Family members may continue to visit programs. The same rules apply:
Visits need to be scheduled in advance
Visits need to occur outside
Visits are limited to 2 visitors at a time
Staff need to take the same precautions: check visitors’ temperatures and ask if they have any COVID symptoms or have tested positive for COVID in the previous 14 days
People with temperatures over 100, symptoms of COVID, or a positive COVID test in the previous 14 days will not be permitted to visit
Everyone should wear masks (if the person receiving support isn’t tolerant, it is not required)
Everyone should practice social distancing as much as possible, but hugging is allowed
If there is physical contact, visitors and the person receiving supports should use hand sanitizer prior to the physical contact
Visitors that a hug with faces pointed in opposite directions is preferred
Visits must be monitored by staff
Off-site visitation is allowed. Here are the rules:
If the individual has symptoms of COVID or has tested positive for COVID, they cannot leave the home for visitation
Prior to leaving the home, the individual and the visitor must have their temperature taken. If either person has a fever over 100F, the off-site visitation cannot take place
Prior to leaving, the family member must fill out the attestation form. This form must be completed every time someone goes for a family visit. If someone is picked up on two consecutive days, a separate form must be filled out EACH time they leave the program for a visit. The form is kept by the program.
The form also includes contact tracing information. This must be filled out for any known people that the person may come into contact with during the visit.
I have provided this form for you to review. It may also be more convenient for you to fill out the form at your home and bring the completed from with you to the visit/pick up.
Visits should avoid conditions where social distancing is difficult. For example, going to a department store or a crowded beach is discouraged
If the person is staying overnight in the family home, it is preferred that they have their own sleeping quarters or sleep at least 6 feet away from any other person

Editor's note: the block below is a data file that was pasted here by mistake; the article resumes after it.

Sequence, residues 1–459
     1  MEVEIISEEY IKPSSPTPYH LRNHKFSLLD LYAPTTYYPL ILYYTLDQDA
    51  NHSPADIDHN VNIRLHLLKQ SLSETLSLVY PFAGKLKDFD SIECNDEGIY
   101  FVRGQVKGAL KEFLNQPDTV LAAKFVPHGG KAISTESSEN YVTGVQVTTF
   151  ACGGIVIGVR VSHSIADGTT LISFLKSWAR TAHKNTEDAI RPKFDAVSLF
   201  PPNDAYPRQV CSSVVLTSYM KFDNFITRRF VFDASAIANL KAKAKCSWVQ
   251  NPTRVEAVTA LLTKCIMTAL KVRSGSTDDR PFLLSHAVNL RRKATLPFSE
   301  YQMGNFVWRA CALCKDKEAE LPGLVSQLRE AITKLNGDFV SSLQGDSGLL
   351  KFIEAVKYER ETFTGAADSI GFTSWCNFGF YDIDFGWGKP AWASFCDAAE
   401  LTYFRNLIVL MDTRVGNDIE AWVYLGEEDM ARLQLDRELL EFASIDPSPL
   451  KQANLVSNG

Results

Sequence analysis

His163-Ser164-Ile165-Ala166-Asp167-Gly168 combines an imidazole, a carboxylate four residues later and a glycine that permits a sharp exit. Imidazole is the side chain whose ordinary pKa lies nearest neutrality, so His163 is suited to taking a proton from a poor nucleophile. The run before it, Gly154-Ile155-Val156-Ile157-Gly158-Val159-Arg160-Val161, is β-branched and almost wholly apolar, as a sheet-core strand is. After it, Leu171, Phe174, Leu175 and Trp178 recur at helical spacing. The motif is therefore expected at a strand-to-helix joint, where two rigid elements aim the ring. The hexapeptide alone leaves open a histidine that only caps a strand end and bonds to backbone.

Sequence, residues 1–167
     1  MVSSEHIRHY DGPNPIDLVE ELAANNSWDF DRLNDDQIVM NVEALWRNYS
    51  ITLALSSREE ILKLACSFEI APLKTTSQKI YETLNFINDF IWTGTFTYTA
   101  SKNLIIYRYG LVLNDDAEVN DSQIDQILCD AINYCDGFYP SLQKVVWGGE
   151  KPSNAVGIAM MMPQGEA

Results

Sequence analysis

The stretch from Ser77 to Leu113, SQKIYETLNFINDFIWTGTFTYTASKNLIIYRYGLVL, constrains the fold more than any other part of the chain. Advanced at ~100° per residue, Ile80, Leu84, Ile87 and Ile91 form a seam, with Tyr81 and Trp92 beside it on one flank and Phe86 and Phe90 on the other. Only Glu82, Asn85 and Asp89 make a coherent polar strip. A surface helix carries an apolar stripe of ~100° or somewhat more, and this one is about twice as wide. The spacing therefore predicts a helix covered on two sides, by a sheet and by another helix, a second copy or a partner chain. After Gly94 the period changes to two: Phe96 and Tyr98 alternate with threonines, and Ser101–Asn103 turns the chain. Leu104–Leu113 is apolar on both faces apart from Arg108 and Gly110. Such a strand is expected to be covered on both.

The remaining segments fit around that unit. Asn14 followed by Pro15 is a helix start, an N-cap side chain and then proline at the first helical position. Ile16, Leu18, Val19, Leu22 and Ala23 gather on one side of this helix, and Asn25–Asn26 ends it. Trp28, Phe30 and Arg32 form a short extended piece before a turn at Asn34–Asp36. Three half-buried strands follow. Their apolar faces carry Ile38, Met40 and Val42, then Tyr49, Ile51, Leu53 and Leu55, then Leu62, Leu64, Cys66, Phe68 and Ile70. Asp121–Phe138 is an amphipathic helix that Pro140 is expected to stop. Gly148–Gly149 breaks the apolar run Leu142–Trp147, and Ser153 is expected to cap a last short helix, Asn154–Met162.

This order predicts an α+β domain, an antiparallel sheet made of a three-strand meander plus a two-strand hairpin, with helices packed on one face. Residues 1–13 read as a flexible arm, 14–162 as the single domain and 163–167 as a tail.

If the individual develops COVID symptoms while visiting off-site, the family should be advised to get the person medical attention. If this is the case, please contact the program. Staff will speak with their Regional Director for consultation with nursing. They will provide direction about how program staff should proceed.
The individual may not be able to return to the program until they’re symptom free if there is no viable place for them to isolate while awaiting test results.
Upon return, program staff will closely monitor the person for COVID symptoms and continue with the practice of daily temperature taking
Family members who have visited should inform programs if they develop COVID symptoms or test positive in the days after a visit. Program staff will work with nursing staff to determine the best course of action to keep the individual, their housemates and their staff safe.
Please note that these guidelines are subject to change by DDS, depending on the status of COVID-19 in Massachusetts. We will keep you abreast of any changes in these policies, but they will remain in effect until further notice.
I am certain that you are all looking forward to the opportunity to visit your family member and be able to have physical contact. Thank you in advance for your observation of these guidelines. Your cooperation will allow our staff to continue to do the very important work that they do every single day: taking care of your loved ones and ensuring the health of the people that Venture supports. Please contact me at email@example.com if you have any questions or concerns.
June 25, 2020
Parents, guardians, families & providers. You are invited to take part in our Virtual Town Hall on Wednesday, July 8th at 6:30pm. To get the meeting link, send your name and email address to: firstname.lastname@example.org
During this meeting, the agency’s Program Operations Team will give families and guardians updates on what is happening in Venture’s residential and day programs. The plan is to hold these meetings at least quarterly throughout the year to improve the agency’s communication efforts.
We will discuss day hab reopening plans and visitation guidelines. We anticipate additional guidance from DDS and MassHealth, so we will be able to provide updated information. Please feel free to send me other topics that you would like discussed so that we can prepare a family-driven agenda. That agenda will be published prior to the email.
We will be conducting the meeting virtual town hall style. All participants will be muted to reduce distraction from background noises. In addition to agenda items, we will enable the chat feature so that we can address any questions or concerns families may have at the end of the formal agenda.
We hope you can join us!
June 22, 2020
As you may know, Venture and other human services providers are feeling the financial effects of the COVID-19 crisis. Due to increased staffing costs for shelter in place and quarantine coverage and the need to purchase additional personal protective equipment to keep people healthy and safe, we are looking for continued fiscal support from our funders.